Joe Biden may not have the physical stamina to travel overseas and fulfill his duties regarding foreign policy, but he did manage to give public remarks on Friday. In them, the president slammed Americans for blaming him for the current inflation boom, proclaiming he’s “sick of it” and that “it’s just not true” that his policies have exacerbated the problem.
Perhaps getting angry and yelling at people who vote isn’t the best political strategy?
In fact, it is completely true that government spending has largely led to the inflationary pressures nailing American families right now. There’s a reason U.S. inflation has been 2-3 percent higher than European inflation over the last year, depending on which month you compare. Joe Biden and his party pushed through a COVID “relief” bill along partisan lines that extended unemployment, sent out checks, and injected way too much funny money into an already overheated economy.
That’s how you get record inflation. The 7.9 percent number we saw in February was not simply a product of organic demand due to the coronavirus waning. Sure, there was always going to be some inflation, but it was never going to be this high without government intervention. For Biden to now pretend everyone but him is to blame is cowardly and dishonest. This is not “Putin’s price hike.” It’s “Joe Biden’s price hike.”
Developing Story - Trump administration oversaw a RADICAL change to the tech world… one that could unleash a huge wave prosperity… and wealth creation in the near future. Find Out More
Never fear, though, Biden brought clips from the New York Times to make his argument.
I don’t know about you, but I’m convinced. If economists like Paul Krugman, a man who has been wrong about nearly every economic issue of the last three decades, says Biden is in the clear, then that’s that.
Seriously, though, doesn’t it feel like the White House’s messaging is starting to crack? They’ve clearly got no real answer to the inflation problem, and instead of at least feigning a solution, they are just doubling down on shouting about Russia and hoping no one notices how much gas was before Ukraine was invaded. At some point, a politician who never takes responsibility for anything just comes across as pathetic, and to be sure, there have been Republicans who have fallen into that trap.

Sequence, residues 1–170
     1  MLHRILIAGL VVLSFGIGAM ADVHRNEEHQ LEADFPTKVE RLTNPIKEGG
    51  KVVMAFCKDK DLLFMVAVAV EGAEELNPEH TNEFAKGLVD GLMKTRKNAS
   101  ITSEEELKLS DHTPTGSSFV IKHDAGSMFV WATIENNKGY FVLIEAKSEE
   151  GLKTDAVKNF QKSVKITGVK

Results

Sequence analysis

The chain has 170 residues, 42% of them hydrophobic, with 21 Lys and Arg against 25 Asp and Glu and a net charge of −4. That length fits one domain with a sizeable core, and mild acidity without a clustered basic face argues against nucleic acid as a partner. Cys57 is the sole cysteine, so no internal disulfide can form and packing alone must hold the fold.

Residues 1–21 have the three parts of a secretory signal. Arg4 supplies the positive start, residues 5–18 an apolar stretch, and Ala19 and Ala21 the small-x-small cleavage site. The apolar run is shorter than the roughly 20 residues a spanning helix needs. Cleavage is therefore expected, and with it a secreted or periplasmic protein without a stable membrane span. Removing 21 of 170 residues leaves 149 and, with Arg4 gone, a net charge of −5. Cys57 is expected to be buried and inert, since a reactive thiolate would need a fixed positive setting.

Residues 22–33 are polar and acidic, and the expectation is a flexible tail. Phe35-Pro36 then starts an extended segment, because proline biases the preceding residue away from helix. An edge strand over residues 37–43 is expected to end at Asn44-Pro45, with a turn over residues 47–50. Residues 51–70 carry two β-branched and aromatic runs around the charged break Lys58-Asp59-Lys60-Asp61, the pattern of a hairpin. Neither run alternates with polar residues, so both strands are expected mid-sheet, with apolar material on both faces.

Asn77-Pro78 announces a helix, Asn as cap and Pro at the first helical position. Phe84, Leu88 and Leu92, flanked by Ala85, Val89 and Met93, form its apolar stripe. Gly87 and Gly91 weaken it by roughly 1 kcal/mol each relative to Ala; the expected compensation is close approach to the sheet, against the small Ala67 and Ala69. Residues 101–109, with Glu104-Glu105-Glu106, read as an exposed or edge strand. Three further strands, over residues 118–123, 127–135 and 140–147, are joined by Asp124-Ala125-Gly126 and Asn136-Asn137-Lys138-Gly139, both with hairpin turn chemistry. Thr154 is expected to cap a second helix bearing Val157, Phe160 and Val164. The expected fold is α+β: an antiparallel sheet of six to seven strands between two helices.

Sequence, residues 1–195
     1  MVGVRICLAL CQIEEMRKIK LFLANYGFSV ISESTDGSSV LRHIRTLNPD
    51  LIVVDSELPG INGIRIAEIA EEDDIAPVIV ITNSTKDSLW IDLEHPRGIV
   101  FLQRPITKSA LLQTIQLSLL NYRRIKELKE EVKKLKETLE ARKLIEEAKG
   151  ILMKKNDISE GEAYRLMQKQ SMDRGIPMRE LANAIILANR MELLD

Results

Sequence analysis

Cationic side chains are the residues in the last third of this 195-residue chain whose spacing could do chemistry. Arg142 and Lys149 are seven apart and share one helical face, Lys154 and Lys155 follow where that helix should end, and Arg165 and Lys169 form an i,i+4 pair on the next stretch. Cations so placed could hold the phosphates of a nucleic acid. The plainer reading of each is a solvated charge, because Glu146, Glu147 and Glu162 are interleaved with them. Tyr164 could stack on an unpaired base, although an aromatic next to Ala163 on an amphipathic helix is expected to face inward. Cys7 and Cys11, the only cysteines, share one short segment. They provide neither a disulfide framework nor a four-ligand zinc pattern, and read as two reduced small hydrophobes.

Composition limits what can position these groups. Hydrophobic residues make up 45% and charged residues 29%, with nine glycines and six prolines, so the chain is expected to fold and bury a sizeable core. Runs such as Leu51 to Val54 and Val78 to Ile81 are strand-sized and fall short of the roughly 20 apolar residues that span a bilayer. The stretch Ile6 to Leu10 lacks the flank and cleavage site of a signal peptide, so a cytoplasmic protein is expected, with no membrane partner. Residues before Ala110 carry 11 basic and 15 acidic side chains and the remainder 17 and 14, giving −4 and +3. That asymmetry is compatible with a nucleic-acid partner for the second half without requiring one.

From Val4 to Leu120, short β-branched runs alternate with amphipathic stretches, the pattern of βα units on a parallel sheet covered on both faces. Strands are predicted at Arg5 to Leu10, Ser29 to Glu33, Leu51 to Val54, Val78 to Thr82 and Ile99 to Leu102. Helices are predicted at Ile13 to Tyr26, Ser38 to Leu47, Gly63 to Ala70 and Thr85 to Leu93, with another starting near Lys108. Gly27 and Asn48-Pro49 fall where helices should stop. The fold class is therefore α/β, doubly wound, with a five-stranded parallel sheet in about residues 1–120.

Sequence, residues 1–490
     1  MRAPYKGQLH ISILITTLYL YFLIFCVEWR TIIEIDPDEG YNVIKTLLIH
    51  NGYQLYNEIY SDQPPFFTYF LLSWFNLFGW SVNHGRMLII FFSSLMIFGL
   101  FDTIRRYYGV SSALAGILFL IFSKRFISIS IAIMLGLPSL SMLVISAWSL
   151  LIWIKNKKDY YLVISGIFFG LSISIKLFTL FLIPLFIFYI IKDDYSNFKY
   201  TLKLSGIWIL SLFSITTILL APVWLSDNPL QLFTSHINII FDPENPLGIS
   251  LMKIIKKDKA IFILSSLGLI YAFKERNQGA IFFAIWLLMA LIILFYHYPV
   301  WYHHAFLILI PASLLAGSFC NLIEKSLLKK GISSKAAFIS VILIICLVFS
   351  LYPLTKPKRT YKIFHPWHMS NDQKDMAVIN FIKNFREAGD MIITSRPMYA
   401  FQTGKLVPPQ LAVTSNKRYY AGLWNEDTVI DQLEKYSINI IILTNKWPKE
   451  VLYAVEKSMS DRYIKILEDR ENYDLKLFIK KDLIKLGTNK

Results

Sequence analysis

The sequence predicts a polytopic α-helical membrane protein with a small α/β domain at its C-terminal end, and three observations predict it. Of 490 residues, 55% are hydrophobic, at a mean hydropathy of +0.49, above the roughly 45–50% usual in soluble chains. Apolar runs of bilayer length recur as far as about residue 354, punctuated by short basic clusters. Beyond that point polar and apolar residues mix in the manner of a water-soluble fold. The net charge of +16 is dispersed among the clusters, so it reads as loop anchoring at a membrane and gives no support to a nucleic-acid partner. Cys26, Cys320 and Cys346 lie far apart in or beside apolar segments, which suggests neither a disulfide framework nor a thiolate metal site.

Contrary to conventional wisdom, never admitting blame is not always a winning political strategy, especially when things are objectively bad. Many voters appreciate a leader who says “that didn’t work, we are going to try something else.” But Biden is so stubborn and egomaniacal that he will never do that. He’d rather run the entire country off a cliff than stray from his far-left ideology, and that’s assuming he’s even in control of his own administration.
Case in point? In the same remarks, he decided to also lie about oil production in the United States.
The idea that oil companies just don’t want to pump more and sell more is asinine. Rather, the reason oil companies aren’t rushing to up production is almost solely due to government regulation and interference. It’s not enough to just have the rights to a federal lease (and the profitability of leases vary wildly). The investments needed to put the infrastructure in place to produce more range into the tens of billions. Why would an oil company take that kind of enormous financial risk in the current environment? What happens a year from now when Biden decides, on a whim, to shut down more leases? Or close down more pipelines? Are you starting to see the problem?
That brings me back to my point about Biden being so married to his ideology. Real leadership in this situation would be admitting he was wrong about oil and gas production, and then doing everything possible to incentivize it. That includes long-term guarantees to spurn investment, and fast-tracking the permit processes.
Biden isn’t a real leader, though, so we get what we get, which are skyrocketing gas prices and budget-crushing inflation on goods and services. One can only hope American voters hold him and his party accountable in November.